When healthy, the aforementioned players are among the NFL's best. Tomlinson led the NFL in rushing each of the last two seasons; Gates is the league's record-holder for single-season touchdowns by a tight end; Cromartie tied a franchise record last year with 10 interceptions; and Cooper led the Chargers in 2007 with 108 tackles.
2. Stingier Defense: If defense really is the best offense, then it's a minor miracle the Chargers rank second in points per game (28). With the promotion of Ron Rivera to defensive coordinator, the Bolts hope for more aggression, energy and productivity.
The Chargers defense has struggled to find its footing without Shawne Merriman. The defense ranks No. 23 in points allowed per game (24.9), nine spots lower than last year (17.8). The schedule will provide some relief, as none of the Chargers' remaining opponents rank in the top-third of the NFL in points per game. Nonetheless, Rivera will use the bye week to devise a plan for change.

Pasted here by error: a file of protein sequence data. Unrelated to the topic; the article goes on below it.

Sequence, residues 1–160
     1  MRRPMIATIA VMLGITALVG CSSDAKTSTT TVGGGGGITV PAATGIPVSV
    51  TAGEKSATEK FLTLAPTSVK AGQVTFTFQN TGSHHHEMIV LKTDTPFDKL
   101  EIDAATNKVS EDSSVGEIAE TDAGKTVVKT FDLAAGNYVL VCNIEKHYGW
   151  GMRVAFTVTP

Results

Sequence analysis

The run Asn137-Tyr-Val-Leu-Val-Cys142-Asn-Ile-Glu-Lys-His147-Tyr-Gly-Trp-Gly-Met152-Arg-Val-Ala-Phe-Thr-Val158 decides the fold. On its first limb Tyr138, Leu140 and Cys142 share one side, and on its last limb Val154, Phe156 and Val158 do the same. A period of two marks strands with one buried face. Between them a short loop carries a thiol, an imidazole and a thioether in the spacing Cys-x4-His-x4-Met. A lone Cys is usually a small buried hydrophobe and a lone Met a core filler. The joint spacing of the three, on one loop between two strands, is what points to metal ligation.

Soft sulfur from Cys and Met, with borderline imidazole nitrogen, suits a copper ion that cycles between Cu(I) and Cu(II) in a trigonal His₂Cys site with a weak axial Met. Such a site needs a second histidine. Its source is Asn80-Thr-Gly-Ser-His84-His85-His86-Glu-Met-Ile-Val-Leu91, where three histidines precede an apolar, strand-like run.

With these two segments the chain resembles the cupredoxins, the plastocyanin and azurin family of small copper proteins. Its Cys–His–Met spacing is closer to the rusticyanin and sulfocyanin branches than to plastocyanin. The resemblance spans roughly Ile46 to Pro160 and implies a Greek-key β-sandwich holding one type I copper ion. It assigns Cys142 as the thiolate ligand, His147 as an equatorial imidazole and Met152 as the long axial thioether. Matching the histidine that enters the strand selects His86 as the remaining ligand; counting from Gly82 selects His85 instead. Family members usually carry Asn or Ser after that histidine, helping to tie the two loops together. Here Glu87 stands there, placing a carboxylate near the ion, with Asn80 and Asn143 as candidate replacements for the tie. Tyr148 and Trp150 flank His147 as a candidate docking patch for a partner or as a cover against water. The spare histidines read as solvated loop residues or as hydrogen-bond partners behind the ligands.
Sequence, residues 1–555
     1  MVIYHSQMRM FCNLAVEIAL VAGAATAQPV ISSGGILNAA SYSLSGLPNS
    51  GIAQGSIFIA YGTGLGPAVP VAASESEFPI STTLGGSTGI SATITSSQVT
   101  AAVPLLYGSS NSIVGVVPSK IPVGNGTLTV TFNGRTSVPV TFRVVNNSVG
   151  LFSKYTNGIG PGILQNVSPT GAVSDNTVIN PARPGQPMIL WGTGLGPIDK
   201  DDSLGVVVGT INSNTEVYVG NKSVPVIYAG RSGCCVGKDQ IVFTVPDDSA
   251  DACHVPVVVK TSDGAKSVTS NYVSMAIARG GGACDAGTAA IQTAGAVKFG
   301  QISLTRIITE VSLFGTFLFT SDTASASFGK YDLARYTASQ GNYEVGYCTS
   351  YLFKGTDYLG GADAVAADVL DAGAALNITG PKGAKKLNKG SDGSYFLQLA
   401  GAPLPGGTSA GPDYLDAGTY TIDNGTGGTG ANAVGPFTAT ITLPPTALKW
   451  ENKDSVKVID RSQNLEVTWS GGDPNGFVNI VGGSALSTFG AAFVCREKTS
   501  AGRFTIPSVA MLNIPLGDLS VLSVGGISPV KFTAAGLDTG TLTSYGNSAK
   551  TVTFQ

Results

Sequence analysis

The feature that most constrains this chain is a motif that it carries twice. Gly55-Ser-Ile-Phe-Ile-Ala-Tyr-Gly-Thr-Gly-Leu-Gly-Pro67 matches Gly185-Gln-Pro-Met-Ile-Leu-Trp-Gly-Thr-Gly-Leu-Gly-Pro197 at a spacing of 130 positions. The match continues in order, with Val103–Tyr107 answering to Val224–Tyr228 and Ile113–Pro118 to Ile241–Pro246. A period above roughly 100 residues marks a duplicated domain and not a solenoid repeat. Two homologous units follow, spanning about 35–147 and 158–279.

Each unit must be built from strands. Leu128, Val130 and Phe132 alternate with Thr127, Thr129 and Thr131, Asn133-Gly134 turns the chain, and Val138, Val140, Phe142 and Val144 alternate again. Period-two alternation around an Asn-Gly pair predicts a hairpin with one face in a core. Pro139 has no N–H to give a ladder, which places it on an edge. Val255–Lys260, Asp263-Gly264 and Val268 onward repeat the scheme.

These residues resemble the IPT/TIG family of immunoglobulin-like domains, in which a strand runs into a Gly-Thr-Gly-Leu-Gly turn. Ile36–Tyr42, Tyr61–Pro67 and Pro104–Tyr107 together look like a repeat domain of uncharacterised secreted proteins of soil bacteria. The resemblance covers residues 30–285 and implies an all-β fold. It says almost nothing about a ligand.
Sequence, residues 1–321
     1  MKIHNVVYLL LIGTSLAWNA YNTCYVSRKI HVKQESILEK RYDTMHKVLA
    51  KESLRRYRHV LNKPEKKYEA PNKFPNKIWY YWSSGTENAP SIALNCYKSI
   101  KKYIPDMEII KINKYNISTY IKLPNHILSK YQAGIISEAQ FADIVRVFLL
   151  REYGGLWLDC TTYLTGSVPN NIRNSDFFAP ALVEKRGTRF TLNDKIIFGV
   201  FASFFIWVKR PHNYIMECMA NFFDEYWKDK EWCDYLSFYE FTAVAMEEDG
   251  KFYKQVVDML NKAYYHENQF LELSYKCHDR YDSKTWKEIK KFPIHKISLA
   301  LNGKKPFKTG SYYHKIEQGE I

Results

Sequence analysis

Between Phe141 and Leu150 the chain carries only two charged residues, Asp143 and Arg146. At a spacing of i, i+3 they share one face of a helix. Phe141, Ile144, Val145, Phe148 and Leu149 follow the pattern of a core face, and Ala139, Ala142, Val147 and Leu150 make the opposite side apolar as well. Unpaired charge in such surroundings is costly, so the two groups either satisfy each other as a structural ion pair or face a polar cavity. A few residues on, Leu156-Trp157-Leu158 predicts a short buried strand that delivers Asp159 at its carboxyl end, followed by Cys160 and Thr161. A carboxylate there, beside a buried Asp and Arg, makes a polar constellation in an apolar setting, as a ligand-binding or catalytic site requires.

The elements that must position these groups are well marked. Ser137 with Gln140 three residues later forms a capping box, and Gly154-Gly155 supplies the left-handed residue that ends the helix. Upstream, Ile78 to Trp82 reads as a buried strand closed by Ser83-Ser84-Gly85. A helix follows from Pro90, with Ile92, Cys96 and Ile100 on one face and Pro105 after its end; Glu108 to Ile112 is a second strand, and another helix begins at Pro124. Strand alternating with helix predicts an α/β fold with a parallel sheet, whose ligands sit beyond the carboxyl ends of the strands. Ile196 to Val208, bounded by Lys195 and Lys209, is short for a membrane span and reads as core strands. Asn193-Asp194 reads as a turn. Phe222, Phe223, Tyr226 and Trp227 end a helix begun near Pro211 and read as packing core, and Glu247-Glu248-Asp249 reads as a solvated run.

QB Philip Rivers
4. Struggling Competition: The AFC West is a watered-down division. The only competition for the crown is the Denver Broncos, who boast a modest 4-3 mark and who've lost three of their last four.
The Oakland Raiders are 2-5 and with a new head coach, so they are firmly in rebuilding mode. The Kansas City Chiefs are 1-6 and down to their No. 3 quarterback, so their playoff hopes are over. The Broncos face will face the Miami Dolphins this week, a team Chargers fans know is capable of playing tough.
5. Favorable Schedule: It's good to be home and -- after a long road trip and two painful defeats -- the Bolts are happy to be back. The Chargers are 2-1 in the friendly confines of Qualcomm Stadium this season and were 15-1 at home between the 2006 and 2007 seasons. The Chargers are scheduled at home for four of the next five games and five of the final eight, which bodes well for a late-season playoff push.